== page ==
One well-known example is Stylenanda, whose founder and BoF 500 member Kim So-hee later launched a successful beauty arm, 3 Concept Eyes. Jeong, however, is a fan of Frombeginning, which has over 274,000 followers on Instagram. The account directs shoppers to its website, which also ships to the US and China.
But the pace and dynamism of the sector can have its drawbacks, suggests Sue Nguyen, co-founder at Korean tech news platform Seoulz. “Because there are so many [online stores], it’s hard to keep track and it’s hard for consumers to find the next big thing,” says Nguyen, noting that the e-commerce data can give retailers insights to track up-and-coming products, brands or categories.
Redefine the Content-Commerce Connection
“I can't imagine not being able to shop online,” says Eunice Eo, a 29-year-old translator who frequents sites like beauty giant Olive Young (which last year launched its international online business), W Concept and SSG.com, Shinsegae’s e-commerce site. But like Jeong, Eo uses Naver (the "internet homepage" for Korean web users) to compare prices to ensure she scores the best bargain.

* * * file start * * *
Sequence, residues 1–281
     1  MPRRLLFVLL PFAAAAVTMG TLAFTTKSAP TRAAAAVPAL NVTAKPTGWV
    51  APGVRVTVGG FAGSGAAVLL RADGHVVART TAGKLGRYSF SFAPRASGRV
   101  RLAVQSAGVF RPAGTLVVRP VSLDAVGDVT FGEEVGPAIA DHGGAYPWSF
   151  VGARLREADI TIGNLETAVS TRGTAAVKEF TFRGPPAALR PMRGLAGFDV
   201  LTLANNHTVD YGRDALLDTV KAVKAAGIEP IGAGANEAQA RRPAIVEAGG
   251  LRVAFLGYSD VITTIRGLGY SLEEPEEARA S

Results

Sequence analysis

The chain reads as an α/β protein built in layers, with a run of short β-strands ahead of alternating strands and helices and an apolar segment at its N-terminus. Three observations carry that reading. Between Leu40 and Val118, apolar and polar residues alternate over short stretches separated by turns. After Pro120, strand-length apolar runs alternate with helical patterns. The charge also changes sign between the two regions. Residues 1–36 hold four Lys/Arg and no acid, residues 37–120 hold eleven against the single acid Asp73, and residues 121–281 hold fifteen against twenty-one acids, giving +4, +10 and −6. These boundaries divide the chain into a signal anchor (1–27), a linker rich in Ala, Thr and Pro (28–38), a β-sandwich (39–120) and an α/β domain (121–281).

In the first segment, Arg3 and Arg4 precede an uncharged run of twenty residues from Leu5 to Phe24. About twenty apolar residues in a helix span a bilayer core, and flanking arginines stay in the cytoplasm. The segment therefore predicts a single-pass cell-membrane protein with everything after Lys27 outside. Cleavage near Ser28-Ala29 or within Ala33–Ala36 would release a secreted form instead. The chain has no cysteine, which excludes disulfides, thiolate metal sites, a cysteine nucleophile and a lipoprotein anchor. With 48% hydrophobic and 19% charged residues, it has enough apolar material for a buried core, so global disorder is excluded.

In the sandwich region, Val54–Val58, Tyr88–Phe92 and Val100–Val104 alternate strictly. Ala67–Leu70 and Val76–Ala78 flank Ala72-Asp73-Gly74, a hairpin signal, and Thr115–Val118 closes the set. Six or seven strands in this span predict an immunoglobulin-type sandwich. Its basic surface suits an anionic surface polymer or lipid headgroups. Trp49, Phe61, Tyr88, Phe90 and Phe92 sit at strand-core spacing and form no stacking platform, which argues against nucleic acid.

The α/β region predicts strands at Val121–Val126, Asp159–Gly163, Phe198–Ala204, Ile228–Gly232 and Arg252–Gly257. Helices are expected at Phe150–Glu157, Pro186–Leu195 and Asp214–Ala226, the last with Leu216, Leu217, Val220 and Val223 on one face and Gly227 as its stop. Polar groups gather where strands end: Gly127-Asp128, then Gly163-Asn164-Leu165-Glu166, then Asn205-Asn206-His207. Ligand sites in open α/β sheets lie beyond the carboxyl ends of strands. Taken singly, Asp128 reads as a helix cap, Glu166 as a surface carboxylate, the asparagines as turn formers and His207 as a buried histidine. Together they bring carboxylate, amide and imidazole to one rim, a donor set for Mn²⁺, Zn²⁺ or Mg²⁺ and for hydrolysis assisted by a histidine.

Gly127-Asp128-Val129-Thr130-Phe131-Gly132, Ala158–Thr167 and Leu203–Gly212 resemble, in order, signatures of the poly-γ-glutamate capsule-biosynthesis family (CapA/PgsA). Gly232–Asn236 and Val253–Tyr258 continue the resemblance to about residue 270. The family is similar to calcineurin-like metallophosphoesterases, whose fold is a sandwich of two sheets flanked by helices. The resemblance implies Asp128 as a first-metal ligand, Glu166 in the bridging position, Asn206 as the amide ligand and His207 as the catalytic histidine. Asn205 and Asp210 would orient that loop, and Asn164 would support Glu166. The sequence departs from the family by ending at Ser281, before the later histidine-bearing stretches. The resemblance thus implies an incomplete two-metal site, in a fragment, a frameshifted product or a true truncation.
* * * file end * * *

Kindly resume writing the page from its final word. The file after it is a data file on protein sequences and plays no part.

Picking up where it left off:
In recent years, industry leaders have suggested that Google’s executives could take a page or two out of Naver’s book when it comes to the global search engine giant’s shopping and price comparison functions.
“[Korean consumers] take, on average, great pride in comparing prices, getting the best deals, finding needles in a haystack,” says Kim. Though many younger shoppers are increasingly price sensitive, the practice is just as common among those with plenty of disposable income. “It’s not motivated by financial need, it’s just the behaviour.”
The phenomenon has given rise to a cohort of start-ups like StyleShare, a mobile and desktop platform that provides consumers with real-time stories about trends, styling tips and shopping reviews. But to make the most out of its content, Styleshare also serves as an e-commerce destination for its 5.5 million registered users — in 2018, the company acquired a majority stake in fashion and lifestyle marketplace 29cm, which stocks over 2,000 brands on its site.
“These retailers don’t simply show you bestsellers, they show you daily, sometimes live rankings of products and brands that are becoming more or less popular,” says Seoulz’s Nguyen.